Do Cows Need to be Milked?
Cows are mammals. Just like other mammals, when a cow has a baby, her body will make enough milk for her baby. In a normal situation, cows don't need any help getting rid of too much milk. The goal of the dairy industry however, is to make as much money as possible. They have several commonly used methods to get cows to produce more milk:
- a dairy cow is impregnated every year, so she continues to produce a steady supply of milk. This is usually done through artificial insemination.
- calves are removed from their mothers either right away or within 3 days after birth.
- especially in intensive dairy farming, cows are genetically engineered and fed growth hormones to force them to produce more milk.
Dairy cow with unnaturally large udder.
Growth HormonesMost cows in the dairy industry are given growth hormones, causing their udders to become unnaturally big and heavy, resulting in frequent infections. The Bovine Growth Hormone (BGH) also increases birth defects in calves.
The average modern dairy cow will produce about 100 pounds of milk per day, which is 10 times more than she would naturally produce.
Milk ProductionA cow produces the most milk around 40 to 60 days after she's given birth. She's then impregnated again, after which her milk production will slowly decline, until she's "dried off" and stops producing at about 305 days after calving. About a month later she will give birth again and a new cycle will begin. Some cows are kept for about 10 cycles, but the large majority of dairy cows are slaughtered after only 3 or 4 cycles. Normally, cows live 18 to 22 years.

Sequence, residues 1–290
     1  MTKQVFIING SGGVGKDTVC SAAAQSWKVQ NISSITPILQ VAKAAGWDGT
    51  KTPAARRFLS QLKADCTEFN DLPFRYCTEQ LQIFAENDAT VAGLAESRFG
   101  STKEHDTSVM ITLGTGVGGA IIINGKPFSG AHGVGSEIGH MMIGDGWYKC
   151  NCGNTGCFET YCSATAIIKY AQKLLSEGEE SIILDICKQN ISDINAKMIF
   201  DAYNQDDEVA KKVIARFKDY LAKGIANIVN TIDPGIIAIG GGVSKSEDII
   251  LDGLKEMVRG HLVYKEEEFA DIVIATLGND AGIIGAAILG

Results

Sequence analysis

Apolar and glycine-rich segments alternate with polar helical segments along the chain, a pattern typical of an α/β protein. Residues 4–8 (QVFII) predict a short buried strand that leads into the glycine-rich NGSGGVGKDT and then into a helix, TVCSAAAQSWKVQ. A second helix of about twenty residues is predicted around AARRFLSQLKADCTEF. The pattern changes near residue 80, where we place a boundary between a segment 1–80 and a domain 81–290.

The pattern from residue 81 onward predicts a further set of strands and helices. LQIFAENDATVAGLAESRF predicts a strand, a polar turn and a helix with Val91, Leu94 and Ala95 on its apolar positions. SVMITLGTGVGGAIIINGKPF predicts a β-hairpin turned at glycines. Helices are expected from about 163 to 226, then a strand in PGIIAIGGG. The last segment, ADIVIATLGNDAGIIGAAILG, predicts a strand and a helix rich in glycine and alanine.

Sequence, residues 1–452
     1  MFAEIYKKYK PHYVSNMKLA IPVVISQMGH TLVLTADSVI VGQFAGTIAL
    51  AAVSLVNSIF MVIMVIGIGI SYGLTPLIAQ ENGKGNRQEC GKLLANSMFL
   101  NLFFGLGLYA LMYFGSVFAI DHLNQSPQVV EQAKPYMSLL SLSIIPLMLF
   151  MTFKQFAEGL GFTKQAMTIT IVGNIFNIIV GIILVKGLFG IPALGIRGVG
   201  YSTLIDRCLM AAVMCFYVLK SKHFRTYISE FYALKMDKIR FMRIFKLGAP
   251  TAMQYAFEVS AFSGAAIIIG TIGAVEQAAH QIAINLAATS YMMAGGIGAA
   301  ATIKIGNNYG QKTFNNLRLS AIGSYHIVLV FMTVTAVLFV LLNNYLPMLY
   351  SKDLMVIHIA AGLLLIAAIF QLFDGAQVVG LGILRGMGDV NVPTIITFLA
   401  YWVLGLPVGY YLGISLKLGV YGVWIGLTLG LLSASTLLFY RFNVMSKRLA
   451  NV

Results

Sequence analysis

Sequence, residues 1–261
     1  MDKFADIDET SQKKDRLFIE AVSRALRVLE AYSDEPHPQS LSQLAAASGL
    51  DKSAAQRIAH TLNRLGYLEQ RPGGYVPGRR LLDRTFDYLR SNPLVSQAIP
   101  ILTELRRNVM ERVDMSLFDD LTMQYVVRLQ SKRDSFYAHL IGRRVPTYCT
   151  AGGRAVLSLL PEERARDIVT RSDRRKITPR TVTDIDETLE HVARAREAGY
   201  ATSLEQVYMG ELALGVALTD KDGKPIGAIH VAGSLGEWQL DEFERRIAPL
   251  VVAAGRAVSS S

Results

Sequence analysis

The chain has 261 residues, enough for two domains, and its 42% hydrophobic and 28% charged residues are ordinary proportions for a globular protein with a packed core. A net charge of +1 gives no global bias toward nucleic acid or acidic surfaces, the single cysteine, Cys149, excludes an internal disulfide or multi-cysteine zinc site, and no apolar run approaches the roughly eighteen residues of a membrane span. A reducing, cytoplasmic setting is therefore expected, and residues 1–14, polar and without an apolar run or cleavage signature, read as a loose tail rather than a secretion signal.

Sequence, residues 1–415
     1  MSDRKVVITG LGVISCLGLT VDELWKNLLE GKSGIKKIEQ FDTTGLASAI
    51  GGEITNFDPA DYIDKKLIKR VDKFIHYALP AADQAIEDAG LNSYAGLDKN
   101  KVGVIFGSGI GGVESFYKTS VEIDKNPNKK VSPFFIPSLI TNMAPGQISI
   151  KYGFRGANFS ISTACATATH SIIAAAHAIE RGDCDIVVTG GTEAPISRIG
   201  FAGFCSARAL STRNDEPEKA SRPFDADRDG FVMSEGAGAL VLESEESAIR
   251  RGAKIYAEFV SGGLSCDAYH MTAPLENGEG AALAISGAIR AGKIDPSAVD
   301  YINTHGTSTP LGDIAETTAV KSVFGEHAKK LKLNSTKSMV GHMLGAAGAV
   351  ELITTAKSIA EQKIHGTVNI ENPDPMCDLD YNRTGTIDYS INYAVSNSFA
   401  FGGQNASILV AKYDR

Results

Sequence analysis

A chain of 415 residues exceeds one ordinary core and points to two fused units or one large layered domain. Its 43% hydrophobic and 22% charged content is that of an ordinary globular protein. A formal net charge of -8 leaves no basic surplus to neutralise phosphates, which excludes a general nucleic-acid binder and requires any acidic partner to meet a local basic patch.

Cows being milked by machines.
Veal calf removed from mother.
What Happens to the Calves?After being removed from their mothers, most calves are fed a commercial milk replacer, which is based on dried milk powder.
Female calves will be raised to become dairy cows and male calves will be raised and slaughtered for meat. Most male calves are killed for beef, but some will end up in the veal industry.
Veal calves are generally loaded onto trucks and sold at auctions.
Veal CratesVeal calves are confined in crates measuring about two feet wide. To make their meat more "tender", their movements are restrained by chains around their necks. To give a white color to their meat, the calves are fed an all-liquid milk-substitute, purposely deficient in iron and fiber. After about 16 weeks, these poor calves are slaughtered and their meat is sold labeled as "white" veal. "Bob" veal comes from calves who are slaughtered when they are only a few hours or days old.
Ceal calf in a crate.
Cow in head stall at the Horizon Organic Dairy Farm.
Is Organic Dairy Okay?Like any other industry, the organic dairy industry has to make a profit. Even at organic dairy farms, cows are kept constantly pregnant, calves are removed from their mothers and male calves are turned into beef or veal.
Especially at larger organic farms, the treatment of the animals very much resembles that of factory farmed animals. There are very few regulations in place that deal with the amount of space the animals should be given or the amount of time they should be allowed outside.
Is Dairy Healthy?Definitely! It is very healthy food for calves, who have to grow into big cows. Dairy is high in fat, protein and cholesterol. It is low in carbohydrates and contains no fiber.
Should humans be consuming it? Absolutely not! There is no need at all for humans to be consuming the breast milk from another species.
"There is no reason to drink cow's milk at any time in your life. It was designed for calves, not humans, and we should all stop drinking it today."- Dr. Frank A. Oski
former director of Pediatrics, John Hopkins University.
Mother with her baby.Dairy products are in fact one of the leading causes of food allergies. They contain more than 25 different proteins that may induce allergic reactions in humans. Lactose intolerance is the inability to digest the carbohydrate known as lactose found in milk. This condition causes symptoms like diarrhea, gas and stomach cramps.
Lactose intollerance is common in about 33% of people. Asians have the most trouble digesting lactose (90%), followed by African-Americans (75%). Dairy has also been found to be a cause of colic in babies.